The cobbled streets and stone façades of the Old City of Dubrovnik have caught the attention, and indeed admiration, of visitors for centuries. Seemingly made from marble, but in reality carved from limestone, the rows and rows of stone homes and offices inside the UNESCO World Heritage Site have an idyllic feel. And when the whole city is framed by the turquoise Adriatic then they city looks even more impressive.
But those stone buildings didn’t come about by chance, in fact today is an important date on the architectural calendar of the city. For on this date, the 4th of March, houses made from wood were banned inside the Old City walls. The Grand Council made a decision on the 4th of March 1406 that wooden homes are not only banned but the ones inside the Old City walls should be demolished. The reason for this strict decision, of course, was the risk of fire. In fact, a fire in the city promoted the Grand Council to take this move, and move they certainly did.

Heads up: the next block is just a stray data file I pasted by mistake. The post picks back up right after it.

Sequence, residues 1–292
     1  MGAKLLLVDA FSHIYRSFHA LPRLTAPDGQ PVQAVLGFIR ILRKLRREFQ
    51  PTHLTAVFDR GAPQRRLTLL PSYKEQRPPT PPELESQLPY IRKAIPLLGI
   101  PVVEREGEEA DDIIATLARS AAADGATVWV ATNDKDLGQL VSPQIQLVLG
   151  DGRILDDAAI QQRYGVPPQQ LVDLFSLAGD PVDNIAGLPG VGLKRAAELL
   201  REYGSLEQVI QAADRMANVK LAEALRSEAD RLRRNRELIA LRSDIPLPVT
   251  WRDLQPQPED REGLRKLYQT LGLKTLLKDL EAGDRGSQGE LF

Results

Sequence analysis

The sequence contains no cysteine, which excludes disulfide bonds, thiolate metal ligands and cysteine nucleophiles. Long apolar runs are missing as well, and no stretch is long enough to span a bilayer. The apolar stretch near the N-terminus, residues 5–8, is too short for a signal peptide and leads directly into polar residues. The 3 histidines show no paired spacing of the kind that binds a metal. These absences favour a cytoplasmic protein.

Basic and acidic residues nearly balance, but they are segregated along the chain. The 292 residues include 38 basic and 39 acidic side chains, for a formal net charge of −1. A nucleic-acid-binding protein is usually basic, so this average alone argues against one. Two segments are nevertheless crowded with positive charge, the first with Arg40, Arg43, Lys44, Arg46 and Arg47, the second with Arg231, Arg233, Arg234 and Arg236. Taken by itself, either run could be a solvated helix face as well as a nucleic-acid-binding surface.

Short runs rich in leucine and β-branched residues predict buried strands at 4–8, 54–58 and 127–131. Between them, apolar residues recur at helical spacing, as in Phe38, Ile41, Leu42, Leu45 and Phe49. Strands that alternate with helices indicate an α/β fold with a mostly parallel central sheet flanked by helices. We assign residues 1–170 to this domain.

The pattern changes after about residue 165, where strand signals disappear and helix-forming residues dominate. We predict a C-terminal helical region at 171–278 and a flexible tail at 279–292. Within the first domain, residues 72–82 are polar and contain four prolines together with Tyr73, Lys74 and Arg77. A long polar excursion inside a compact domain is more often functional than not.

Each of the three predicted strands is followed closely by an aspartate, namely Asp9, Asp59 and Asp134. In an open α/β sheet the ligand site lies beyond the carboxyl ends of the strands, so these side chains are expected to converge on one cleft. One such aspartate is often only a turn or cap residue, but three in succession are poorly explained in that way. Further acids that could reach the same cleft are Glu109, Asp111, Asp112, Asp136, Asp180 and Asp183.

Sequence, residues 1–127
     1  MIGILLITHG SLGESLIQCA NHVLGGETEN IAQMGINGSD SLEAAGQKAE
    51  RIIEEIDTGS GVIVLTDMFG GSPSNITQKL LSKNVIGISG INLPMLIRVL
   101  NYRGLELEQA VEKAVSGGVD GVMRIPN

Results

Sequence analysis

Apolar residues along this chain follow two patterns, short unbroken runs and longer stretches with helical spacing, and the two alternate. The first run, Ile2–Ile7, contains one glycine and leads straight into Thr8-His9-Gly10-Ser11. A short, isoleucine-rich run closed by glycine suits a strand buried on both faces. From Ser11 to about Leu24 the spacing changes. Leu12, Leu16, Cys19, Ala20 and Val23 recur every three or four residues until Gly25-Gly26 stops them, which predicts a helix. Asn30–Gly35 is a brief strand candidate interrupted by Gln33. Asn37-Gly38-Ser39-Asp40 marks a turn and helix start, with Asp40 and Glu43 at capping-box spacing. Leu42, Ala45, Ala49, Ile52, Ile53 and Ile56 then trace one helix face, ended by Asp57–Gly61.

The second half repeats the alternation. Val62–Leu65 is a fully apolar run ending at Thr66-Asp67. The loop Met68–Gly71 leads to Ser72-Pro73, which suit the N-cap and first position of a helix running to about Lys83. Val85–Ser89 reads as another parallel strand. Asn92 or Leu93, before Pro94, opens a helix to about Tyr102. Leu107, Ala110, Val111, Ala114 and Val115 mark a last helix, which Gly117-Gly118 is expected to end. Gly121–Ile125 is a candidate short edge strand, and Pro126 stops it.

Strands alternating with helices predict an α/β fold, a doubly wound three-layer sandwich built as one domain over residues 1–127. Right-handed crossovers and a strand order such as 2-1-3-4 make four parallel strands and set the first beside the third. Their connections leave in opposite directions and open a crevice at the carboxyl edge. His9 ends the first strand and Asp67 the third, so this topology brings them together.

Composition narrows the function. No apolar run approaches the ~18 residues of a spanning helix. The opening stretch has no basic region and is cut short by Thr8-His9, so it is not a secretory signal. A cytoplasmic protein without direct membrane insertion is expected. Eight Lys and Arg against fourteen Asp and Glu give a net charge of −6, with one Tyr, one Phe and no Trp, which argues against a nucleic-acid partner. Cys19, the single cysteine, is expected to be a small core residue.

Between 1406 and 1413 more than 200 wooden homes were demolished inside the city, leaving only 17 remaining and these were also demolished later. And in the place of these wooden homes came stone, lots of stone. The Grand Council of the city even appointed special officials to oversee the removal of wood and the stone replacement. Stone facades sprung up around the city at a rapid rate, in the period that it took to destroy 200 wooden homes more than 100 stone buildings and dwellings were constructed. Dubrovnik had started, basically due to a decision made for fire-protection, to take the long path to becoming a stone city, the pearl of the Adriatic.